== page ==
Here’s one of my mother’s best cake recipes. (She had quite a few. Many were from the sides of boxes of flour, cocoa or other basic ingredients. As she aptly stated in a letter to my niece, which included several family-favorite icing recipes, the food companies want you to buy their product, so they make sure their recipes are good.) I typed this recipe while visiting my parents many years ago, and included this note, based on comments made by my mother at the time: “From the mother of Nan Roberts, one of Mother’s sorority sisters, who served it at a Christmas party in 1949, and was kind enough to send it to Mother shortly thereafter.” Enjoy! ;o) —AntoniaJames
1 hour 30 minutes
1 large tube cake or two large loaves
½ pound golden raisins
1 pound dried sour cherries
¾ pound butter
2 cups granulated white sugar
6 egg yolks – beaten
5 cups all purpose flour – sifted before measuring
1 teaspoon baking powder
2 teaspoons nutmeg
6 egg whites – beaten until stiff but not dry
1 pound shelled pecan halves or pieces
2 1/4 cups Kentucky whiskey + more for soaking the cloth used to wrap the loaves
Soak overnight the raisins and cherries in the bourbon.
When ready to bake the cake, heat oven to 300 degrees.
Cream until light the butter and sugar; add the egg yolks and beat well.
Add soaked fruit and whiskey, along with the soaking liquid.
Sift the flour, baking powder and nutmeg. Add to the batter, along with the pecans. Stir well to combine.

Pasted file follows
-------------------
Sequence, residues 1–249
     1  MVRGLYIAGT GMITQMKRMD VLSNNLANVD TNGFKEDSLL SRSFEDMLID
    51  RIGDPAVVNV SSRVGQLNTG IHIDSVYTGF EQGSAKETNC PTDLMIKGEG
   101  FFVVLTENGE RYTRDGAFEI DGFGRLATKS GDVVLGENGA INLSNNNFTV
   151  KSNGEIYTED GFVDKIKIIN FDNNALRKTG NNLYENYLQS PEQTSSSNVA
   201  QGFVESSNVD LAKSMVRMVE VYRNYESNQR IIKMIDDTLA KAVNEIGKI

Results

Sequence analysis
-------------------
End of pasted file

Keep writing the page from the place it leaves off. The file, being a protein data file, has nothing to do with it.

Fold in the beaten egg whites. (Mrs. Roberts's recipe doesn't include this, but I always stir in about a third of the whites to lighten the batter before folding the rest.)
Bake in a large, generously buttered tube pan for three hours, or in two loaf pans lined with parchment (make a sling coming up the two long sides) and well buttered at the ends, for about 1 ½ hours, or until a tester comes clean.
Let cool thoroughly. Wrap in cheesecloth soaked in whiskey and store in a tightly covered container.
Slices best when cold.
N.B. You can use candied cherries instead of dried cherries, if you like. Reduce the whiskey by about 1/4 cup.
Also, if you don’t own a sifter and don’t wish to buy one, try to borrow one to use when making this. With this much flour to be sifted twice, it’s well worth using a sifter and not a sieve, as many seem wont to do these days.
When I'm not working (negotiating transactions for internet companies), or outside enjoying the gorgeous surroundings here in the San Francisco Bay Area, I'm likely to be cooking, shopping for food, planning my next culinary experiment, or researching, voraciously, whatever interests me. In my kitchen, no matter what I am doing -- and I actually don't mind cleaning up -- I am deeply grateful for having the means to create, share with others and eat great food. Life is very good. ;o)